A team of scientists has discovered a single-site, visible-light-activated catalyst that converts carbon dioxide (CO2) into “building block” molecules that could be used for creating useful chemicals. The discovery opens the possibility of using sunlight to turn a greenhouse gas into hydrocarbon fuels.
The scientists, including Anatoly Frenkel, a chemist with a joint appointment at Brookhaven Lab and the College of Engineering and Applied Sciences at Stony Brook University, used the National Synchrotron Light Source II, a U.S. Department of Energy (DOE) Office of Science user facility at Brookhaven National Laboratory, to uncover details of the efficient reaction, which used a single ion of cobalt to help lower the energy barrier for breaking down CO2. The team describes this single-site catalyst in a paper just published in the Journal of the American Chemical Society.
Converting CO2 into simpler parts—carbon monoxide (CO) and oxygen—has valuable real-world applications. “By breaking CO2, we can kill two birds with one stone—remove CO2 from the atmosphere and make building blocks for making fuel,” Frenkel said. Frenkel led the effort to understand the activity of the catalyst, which was made by Gonghu Li, a physical chemist at the University of New Hampshire.
“We now have evidence that we have made a single-site catalyst. No previous work has reported solar CO2 reduction using a single ion,” said Frenkel.
Breaking the bonds that hold CO2 together takes a lot of energy and a long time. So, Li set out to develop a catalyst to lower the energy barrier and speed up the process.
“The question is, between several possible catalysts, which are efficient and practical to implement in industry?” said Frenkel.
One key ingredient required to break the bonds of CO2 is a supply of electrons. These electrons can be generated when a material known as a semiconductor gets activated by energy in the form of light. The light “kicks” electrons out, so to speak, making them available to the catalyst for chemical reactions. Sunlight could be a natural source of such light. But many semiconductors can only be activated by ultraviolet light, which makes up less than a five percent of the solar spectrum.
“The challenge is to find another semiconductor material where the energy of natural sunlight will make a perfect match to kick out the electrons,” Frenkel said.
The scientists also needed the semiconductor to be bound to a catalyst made from materials that could be found abundantly in nature, rather than rare, expensive metals such as platinum. And they wanted the catalyst to be selective enough to drive only the reaction that converts CO2 to CO.
“We don’t want the electrons to be used for reactions other than reducing CO2,” Frenkel said.
Cobalt ions bound to graphitic carbon nitride (C3N4), a semiconductor made of carbon, nitrogen, and hydrogen atoms, ticked all the boxes for these requirements.
“There has been significant interest in using C3N4 as a metal-free semiconductor to harvest visible light and drive chemical reactions,” said Li. “Electrons generated by C3N4 under light irradiation have energy high enough to reduce CO2. Such electrons often don’t have lifetimes long enough to allow them to travel to the semiconductor surface for use in chemical reactions. In our study, we adopted a common and effective strategy to build up enough energetic electrons for the catalyst by using a sacrificial electron donor. This strategy allowed us to focus on the catalysis for CO2 reduction. Ultimately, we want to use water molecules as the electron donor for our catalysis,” he added.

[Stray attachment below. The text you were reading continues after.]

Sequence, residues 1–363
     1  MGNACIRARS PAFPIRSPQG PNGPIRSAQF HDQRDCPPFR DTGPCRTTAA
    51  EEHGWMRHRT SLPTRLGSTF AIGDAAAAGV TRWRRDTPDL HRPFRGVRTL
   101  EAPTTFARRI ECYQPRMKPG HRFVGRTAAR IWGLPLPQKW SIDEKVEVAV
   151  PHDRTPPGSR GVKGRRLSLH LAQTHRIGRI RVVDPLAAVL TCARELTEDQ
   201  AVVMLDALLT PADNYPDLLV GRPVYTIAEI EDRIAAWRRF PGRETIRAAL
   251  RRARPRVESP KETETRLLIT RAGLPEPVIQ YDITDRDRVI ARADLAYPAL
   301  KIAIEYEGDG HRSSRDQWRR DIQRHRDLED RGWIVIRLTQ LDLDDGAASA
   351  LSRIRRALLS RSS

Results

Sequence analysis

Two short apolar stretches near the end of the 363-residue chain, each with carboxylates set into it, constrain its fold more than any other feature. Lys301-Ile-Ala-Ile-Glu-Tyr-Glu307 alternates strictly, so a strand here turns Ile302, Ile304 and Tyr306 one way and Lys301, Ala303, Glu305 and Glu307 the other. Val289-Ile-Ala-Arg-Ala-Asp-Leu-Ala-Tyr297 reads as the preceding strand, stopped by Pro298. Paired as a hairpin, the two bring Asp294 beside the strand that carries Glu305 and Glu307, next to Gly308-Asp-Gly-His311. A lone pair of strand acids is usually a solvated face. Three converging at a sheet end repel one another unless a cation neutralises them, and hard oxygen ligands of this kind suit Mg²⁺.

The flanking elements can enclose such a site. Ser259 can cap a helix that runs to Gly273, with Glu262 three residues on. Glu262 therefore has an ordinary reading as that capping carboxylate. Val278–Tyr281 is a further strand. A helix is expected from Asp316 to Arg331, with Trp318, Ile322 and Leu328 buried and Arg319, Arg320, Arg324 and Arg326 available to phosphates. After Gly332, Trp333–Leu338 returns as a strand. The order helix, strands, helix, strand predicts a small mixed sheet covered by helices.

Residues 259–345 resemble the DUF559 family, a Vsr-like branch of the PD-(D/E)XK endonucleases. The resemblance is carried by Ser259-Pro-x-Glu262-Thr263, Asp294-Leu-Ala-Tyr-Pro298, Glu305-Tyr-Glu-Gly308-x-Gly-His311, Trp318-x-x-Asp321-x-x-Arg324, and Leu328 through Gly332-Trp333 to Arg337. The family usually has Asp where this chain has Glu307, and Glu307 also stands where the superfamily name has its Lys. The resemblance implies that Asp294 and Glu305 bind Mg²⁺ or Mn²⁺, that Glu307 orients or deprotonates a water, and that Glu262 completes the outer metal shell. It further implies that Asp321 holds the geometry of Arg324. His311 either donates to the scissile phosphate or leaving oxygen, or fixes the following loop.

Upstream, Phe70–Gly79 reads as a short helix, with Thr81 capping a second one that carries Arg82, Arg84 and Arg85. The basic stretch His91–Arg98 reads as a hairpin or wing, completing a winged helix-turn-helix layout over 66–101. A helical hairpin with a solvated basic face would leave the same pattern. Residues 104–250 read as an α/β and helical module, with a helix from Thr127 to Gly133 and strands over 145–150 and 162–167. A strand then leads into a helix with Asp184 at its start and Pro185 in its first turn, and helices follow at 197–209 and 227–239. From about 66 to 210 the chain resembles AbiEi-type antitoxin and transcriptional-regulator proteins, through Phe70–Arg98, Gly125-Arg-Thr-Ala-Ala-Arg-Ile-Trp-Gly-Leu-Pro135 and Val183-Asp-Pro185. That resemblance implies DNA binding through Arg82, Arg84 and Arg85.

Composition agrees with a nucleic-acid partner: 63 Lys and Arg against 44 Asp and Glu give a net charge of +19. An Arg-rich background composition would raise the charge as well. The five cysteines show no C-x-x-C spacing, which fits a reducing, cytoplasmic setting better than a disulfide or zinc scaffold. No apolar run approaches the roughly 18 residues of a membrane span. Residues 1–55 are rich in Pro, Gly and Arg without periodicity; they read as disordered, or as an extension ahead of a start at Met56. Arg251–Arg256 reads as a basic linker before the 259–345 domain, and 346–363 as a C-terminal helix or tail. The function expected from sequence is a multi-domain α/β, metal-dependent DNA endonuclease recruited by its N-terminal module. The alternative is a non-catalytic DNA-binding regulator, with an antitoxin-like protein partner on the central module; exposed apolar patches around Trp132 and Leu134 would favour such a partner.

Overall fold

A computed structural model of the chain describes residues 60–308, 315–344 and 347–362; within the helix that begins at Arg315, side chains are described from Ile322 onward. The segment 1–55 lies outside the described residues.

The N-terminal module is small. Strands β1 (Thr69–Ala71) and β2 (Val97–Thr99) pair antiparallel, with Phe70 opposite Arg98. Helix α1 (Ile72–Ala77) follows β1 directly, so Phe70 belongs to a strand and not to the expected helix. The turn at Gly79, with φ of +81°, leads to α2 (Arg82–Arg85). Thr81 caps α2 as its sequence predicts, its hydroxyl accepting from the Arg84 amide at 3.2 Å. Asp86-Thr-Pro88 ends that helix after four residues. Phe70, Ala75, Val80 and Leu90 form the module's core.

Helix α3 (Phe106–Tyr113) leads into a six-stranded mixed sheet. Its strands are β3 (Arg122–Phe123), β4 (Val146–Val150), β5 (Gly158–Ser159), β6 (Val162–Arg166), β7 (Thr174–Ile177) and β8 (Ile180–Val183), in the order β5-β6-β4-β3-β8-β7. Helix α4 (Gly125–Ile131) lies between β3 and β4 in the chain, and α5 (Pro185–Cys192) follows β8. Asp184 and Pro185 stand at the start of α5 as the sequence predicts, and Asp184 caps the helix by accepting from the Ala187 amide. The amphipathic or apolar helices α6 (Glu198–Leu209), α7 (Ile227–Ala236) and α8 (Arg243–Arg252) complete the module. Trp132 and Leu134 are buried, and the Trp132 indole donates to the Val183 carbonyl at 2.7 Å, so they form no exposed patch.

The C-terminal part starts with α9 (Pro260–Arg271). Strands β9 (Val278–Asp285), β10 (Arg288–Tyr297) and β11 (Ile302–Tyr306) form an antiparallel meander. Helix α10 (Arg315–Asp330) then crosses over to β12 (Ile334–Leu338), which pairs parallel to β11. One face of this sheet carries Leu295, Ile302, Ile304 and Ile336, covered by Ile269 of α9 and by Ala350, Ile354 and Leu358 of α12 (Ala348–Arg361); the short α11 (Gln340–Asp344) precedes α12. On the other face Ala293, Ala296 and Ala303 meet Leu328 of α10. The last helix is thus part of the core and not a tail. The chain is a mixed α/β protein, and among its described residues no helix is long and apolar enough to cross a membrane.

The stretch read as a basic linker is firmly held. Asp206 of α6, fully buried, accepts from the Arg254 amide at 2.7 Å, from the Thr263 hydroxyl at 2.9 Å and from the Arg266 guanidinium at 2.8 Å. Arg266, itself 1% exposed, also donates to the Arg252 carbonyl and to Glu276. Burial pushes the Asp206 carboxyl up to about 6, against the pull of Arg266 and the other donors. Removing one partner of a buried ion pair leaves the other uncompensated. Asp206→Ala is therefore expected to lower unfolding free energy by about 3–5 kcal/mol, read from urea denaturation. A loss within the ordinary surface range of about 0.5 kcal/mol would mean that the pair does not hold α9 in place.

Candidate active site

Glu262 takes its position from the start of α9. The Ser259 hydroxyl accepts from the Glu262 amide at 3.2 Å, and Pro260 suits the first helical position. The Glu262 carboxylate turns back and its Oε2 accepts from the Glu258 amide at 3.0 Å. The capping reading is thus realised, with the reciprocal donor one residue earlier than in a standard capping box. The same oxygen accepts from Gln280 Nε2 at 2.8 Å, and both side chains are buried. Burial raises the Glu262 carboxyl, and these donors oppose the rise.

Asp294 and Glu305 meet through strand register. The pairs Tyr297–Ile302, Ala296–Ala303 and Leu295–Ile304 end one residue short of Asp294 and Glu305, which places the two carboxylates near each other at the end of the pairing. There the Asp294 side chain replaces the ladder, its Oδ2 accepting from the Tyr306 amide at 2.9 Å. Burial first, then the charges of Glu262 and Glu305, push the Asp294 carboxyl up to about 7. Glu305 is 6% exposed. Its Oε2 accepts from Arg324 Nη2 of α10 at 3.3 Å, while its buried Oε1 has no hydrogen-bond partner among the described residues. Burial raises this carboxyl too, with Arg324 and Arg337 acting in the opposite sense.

Peipei Huang, a postdoctoral researcher in Li’s lab, made the catalyst by simply depositing cobalt ions on a C3N4 material made from commercially available urea. The team then extensively examined the synthesized catalyst using a variety of techniques in collaboration with Christine Caputo at the University of New Hampshire and Ronald Grimm at Worcester Polytechnic Institute.
The catalyst worked in CO2 reduction under visible-light irradiation.
“This catalyst did what it was supposed to do—break down CO2 and make CO with very good selectivity in visible light,” Frenkel said. “But the next goal was to see why it worked. If you can understand why it works you can make new and better materials based on those principles.”
So Frenkel and Li brainstormed experiments that would show the structure of the catalyst with precision. Structural studies would give the scientists information about the number of cobalt atoms, their location relative to the carbon and nitrogen atoms, and other characteristics the scientists could potentially adjust to try to improve the catalyst further.
They turned to the Quick x-ray Absorption and Scattering (QAS) beamline at NSLS-II to use x-ray absorption spectroscopy. With help from lead beamline scientist Steven Ehrlich, Frenkel’s student Jiahao Huang took the data and analyzed the spectra.
In this technique, the x-rays from NSLS-II get absorbed by atoms in the sample, which then eject waves of electrons. The spectra show how these electron waves interact with surrounding atoms, similar to the way ripples on the surface of a lake get disrupted when they encounter rocks.
“To be able to do x-ray absorption spectroscopy (XAS), we need to tune and scan the energy of the x-ray beam hitting the sample,” said Ehrlich. “Each element can absorb x-rays at distinct energies, called absorption edges. At the new QAS beamline we can scan the energy of the x-rays across the absorption edge energy of different elements, such as cobalt in this case. We then measure the number of photons absorbed by the sample for each value of the x-ray energy.”